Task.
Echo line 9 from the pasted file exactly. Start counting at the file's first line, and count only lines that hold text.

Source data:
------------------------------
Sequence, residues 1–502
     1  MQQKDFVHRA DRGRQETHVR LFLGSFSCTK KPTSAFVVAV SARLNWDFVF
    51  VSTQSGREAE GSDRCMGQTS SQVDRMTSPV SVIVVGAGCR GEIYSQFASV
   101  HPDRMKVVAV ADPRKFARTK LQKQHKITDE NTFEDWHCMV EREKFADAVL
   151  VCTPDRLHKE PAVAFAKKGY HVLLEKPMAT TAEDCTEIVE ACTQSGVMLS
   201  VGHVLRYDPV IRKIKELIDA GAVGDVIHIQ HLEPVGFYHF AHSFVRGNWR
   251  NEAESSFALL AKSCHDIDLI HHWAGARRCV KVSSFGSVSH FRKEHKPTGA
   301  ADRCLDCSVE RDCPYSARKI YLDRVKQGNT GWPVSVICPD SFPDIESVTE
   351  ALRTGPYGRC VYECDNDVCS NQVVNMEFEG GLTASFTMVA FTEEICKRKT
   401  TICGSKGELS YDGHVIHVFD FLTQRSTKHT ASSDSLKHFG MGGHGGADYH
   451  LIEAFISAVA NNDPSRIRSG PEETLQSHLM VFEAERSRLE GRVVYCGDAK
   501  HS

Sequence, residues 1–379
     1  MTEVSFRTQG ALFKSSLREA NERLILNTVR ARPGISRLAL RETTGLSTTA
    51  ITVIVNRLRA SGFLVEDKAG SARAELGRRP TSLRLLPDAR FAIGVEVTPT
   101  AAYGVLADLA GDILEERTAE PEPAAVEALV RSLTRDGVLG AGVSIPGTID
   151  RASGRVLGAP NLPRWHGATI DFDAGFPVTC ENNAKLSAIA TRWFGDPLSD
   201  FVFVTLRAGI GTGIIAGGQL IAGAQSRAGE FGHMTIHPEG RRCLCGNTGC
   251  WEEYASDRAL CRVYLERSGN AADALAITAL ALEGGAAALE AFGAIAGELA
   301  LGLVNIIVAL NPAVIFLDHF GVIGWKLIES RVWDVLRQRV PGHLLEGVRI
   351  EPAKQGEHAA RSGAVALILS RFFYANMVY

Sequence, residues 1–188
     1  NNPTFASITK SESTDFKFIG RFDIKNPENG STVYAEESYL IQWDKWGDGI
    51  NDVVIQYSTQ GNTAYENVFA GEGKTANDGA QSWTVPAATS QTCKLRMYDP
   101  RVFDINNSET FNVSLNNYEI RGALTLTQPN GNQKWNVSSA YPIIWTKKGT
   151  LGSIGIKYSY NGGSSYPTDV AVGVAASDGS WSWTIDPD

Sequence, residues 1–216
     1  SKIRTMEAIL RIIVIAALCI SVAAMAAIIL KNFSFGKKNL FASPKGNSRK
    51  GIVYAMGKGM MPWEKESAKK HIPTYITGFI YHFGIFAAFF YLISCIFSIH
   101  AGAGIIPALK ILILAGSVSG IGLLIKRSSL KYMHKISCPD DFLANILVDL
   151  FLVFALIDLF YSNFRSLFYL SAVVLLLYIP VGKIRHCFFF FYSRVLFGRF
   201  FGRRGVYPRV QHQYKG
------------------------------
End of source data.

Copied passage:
   351  ALRTGPYGRC VYECDNDVCS NQVVNMEFEG GLTASFTMVA FTEEICKRKT